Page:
feud

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feud about (someone or something)

To continuously argue or fight with someone about someone or something. You need to stop feuding about the pettiest things with your co-workers Are Mom and Aunt Judy still feuding about who gets to host the holiday dinners?
See also: feud

feud over (someone or something)

To continuously argue or fight with someone about someone or something. You need to stop feuding over the pettiest things with your co-workers. Are Mom and Aunt Judy still feuding over who gets to host the holiday dinners?
See also: feud, over

feud with (someone)

To continuously argue or fight with someone about someone or something. Tina is always feuding with at least one of her co-workers over the pettiest things. Please tell me that Mom has stopped feuding with Aunt Judy over who gets to host the holiday dinners.
See also: feud

feud with (someone) about (someone or something)

To continuously argue or fight with someone about someone or something. Tina is always feuding with at least one co-worker about the pettiest things. Please tell me that Mom has stopped feuding with Aunt Judy about who gets to host the holiday dinners.
See also: feud

feud with (someone) over (someone or something)

To continuously argue or fight with someone about someone or something. Tina is always feuding with at least one of her co-workers over the pettiest things. Please tell me that Mom has stopped feuding with Aunt Judy over who gets to host the holiday dinners.
See also: feud, over

the Hatfields and the McCoys

Any group or pair of parties engaged in bitter feuding or infighting. Alludes to an infamous feud between two rural families along the border between Kentucky and West Virginia. The country's population is becoming more and more the Hatfields and the McCoys, as we drift further and further to the extremes of the political spectrum and demonize anyone on the other side. A vocal and influential group of programmers within the company were bitterly dissatisfied with the trajectory of the business, leading it to become something of the Hatfields and the McCoys for a number of years, before the programmers left to form their own company.
See also: and, McCoy
Farlex Dictionary of Idioms. © 2015 Farlex, Inc, all rights reserved.

feud (with someone) (over someone or something)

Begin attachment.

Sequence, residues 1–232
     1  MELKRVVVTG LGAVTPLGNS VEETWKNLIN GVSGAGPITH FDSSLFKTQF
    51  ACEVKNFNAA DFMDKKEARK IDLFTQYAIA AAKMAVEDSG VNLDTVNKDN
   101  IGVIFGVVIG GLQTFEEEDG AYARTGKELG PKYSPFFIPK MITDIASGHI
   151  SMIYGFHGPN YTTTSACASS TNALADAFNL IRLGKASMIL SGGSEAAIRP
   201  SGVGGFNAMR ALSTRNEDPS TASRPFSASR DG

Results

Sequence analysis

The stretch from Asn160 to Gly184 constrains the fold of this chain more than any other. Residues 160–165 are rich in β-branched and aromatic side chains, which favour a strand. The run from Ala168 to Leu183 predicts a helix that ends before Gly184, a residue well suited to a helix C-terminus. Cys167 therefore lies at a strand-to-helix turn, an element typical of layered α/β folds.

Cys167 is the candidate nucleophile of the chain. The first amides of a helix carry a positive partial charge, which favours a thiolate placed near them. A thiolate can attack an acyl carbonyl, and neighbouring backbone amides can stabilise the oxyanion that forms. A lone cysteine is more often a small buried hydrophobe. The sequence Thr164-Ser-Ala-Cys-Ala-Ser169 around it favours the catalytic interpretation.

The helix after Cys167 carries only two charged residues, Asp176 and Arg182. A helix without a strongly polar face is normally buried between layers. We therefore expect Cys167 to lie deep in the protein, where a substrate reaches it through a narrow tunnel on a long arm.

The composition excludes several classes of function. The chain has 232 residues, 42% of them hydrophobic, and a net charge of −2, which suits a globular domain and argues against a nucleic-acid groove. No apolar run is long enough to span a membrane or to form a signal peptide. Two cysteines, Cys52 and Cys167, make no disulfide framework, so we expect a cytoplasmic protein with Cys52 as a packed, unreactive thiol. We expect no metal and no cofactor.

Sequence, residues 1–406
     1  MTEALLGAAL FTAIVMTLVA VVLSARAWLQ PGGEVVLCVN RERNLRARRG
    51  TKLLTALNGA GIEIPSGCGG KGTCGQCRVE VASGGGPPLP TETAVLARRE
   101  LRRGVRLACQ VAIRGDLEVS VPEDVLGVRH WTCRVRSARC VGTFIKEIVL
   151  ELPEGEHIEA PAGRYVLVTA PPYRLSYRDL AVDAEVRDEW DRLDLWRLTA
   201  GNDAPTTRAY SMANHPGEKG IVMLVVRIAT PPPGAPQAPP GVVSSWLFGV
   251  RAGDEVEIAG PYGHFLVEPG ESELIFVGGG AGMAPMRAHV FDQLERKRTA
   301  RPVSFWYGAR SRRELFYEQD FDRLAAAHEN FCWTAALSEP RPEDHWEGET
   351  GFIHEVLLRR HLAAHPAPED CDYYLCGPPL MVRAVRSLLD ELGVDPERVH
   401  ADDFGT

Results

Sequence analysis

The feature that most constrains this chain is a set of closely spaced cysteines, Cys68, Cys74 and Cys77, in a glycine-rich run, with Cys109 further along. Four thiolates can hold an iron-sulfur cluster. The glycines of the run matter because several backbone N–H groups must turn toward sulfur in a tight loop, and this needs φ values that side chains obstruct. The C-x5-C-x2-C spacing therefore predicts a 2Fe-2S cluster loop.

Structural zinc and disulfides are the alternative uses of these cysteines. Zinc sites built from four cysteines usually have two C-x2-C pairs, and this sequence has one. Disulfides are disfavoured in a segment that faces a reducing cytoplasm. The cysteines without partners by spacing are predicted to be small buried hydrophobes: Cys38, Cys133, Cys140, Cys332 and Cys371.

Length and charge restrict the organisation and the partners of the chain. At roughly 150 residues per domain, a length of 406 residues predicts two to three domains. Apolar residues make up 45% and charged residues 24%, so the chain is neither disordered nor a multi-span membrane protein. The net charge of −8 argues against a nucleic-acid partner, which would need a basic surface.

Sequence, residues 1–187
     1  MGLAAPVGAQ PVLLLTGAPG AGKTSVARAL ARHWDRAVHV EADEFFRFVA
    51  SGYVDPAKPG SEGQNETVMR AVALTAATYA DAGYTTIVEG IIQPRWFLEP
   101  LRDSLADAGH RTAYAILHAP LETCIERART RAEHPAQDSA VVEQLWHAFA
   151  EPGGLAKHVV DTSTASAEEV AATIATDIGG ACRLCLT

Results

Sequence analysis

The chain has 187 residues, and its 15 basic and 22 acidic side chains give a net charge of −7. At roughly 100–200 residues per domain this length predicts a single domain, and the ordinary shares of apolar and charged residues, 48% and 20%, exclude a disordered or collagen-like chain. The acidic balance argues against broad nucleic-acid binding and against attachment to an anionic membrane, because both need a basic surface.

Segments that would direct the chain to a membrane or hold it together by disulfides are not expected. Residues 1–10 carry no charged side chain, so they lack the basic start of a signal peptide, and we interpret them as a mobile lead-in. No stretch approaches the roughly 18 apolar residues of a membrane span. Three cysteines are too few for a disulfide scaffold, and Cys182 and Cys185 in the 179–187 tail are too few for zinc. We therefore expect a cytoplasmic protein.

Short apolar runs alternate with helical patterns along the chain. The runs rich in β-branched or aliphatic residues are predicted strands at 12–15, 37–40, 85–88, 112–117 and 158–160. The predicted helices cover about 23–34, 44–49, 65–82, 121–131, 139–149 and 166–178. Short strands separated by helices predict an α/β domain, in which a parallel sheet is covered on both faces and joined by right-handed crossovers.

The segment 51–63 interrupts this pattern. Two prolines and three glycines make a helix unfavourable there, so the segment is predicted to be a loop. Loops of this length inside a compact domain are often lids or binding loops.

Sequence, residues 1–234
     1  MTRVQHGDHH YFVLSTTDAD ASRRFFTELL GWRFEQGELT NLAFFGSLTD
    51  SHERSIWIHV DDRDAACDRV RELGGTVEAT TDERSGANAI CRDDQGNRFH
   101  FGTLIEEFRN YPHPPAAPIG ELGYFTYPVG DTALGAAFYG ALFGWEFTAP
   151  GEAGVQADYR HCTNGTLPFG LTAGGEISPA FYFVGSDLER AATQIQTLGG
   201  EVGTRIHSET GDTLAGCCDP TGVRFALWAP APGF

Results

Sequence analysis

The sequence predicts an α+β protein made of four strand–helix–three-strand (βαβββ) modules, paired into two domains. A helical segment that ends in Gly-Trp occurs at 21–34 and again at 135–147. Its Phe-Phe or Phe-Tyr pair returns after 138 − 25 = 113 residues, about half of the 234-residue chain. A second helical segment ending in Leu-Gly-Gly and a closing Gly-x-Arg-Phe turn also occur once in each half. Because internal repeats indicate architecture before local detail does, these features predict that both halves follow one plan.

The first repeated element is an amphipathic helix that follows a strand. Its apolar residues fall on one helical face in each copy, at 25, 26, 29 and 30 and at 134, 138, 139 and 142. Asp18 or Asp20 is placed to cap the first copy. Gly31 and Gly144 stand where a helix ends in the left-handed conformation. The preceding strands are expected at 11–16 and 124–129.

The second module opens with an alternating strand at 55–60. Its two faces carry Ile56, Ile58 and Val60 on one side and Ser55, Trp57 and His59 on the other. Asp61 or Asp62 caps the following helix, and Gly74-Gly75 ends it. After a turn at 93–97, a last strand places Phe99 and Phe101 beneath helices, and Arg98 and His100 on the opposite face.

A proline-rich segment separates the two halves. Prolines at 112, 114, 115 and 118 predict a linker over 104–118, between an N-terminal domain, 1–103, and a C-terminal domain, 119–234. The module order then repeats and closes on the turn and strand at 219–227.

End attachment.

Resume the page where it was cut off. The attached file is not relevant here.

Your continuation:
and feud (with someone) about (someone or something)
to fight with someone over someone or something; to have an ongoing battle with someone about someone or something. Some of the neighbors are feuding with each other over the parking places on the street. Don't feud over her with me!
McGraw-Hill Dictionary of American Idioms and Phrasal Verbs. © 2002 by The McGraw-Hill Companies, Inc.

the Hatfields and the McCoys

A long-lasting and bloody feud. The Hatfields and the McCoys were two warring families who lived along the West Virginia-Kentucky border. The 1865 murder of a McCoy, a returning Union soldier, allegedly by a band of Confederate sympathizers was attributed to a member of the Hatfield family. The death sparked some thirty years of hatred and much bloodshed between the two clans, a situation that was hardly improved when a McCoy woman ran off to live with a Hatfield who ultimately abandoned her. As word of the lengthy feud spread across the country and for years after it was settled, the two sides became a metaphor for neighborly bad blood. When, for example, two families stopped talking when one chopped down a tree on the property line between them, others in the neighborhood were likely to refer to the situation as “the Hatfields and the McCoys going at it."
See also: and, McCoy
Endangered Phrases by Steven D. Price Copyright © 2011 by Steven D. Price
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References in periodicals archive ?
The feud between the relatives since 1979 was due to political rivalry and land dispute, said Villanueva.
A second feud, unconnected to Monday night's attack, centred on another area of the city, Little Hulton, has also broken out, with at least six shootings linked with that.
The Jirga settled a blood feud between the families of Aqal Zarin and Niaz Khan.
For example, a chapter on a spike in the number of feuds in the 1470s speculates that growing numbers of young noblemen led to increasing competition for marriageable women.
Nebahat Akkoc, the president of the Diyarbakyr-based Women's Consultation and Solidarity Center (KAMER), told Today's Zaman that it was not usual for women and children to be the victims of blood feuds in Turkey while the victims of honor killings have always been women.
I guess you would have wanted to create the conditions that would have made you the guardian of your clan; as such, the simplest way would have been for your clan to engage in a bitter feud with another.
A feud which becomes particularly bitter when Romeo of the Montagues finds true love with Juliet of the Capulets.
Great feuds in technology; ten of the liveliest disputes ever.
'I have seen my fair share of Ayrshire family feuds and you need to stay out of this one or you will go to prison.'
Family feuds extend well past immediate family members to the farthest reaches of the past in the Albanian culture, even when transplanted to another country.
Although the book opens in 1982, the backstory involves feuds that date to the 1950s and before.
Through the '40s and '50s, its glory days, the Family lived a rarefied, enclosed, incestuous life, publishing in such small-circulation journals as Dissent, Commentary and The New Leader in addition to Partisan Review and conducting a never-ending series of complicated feuds and love affairs.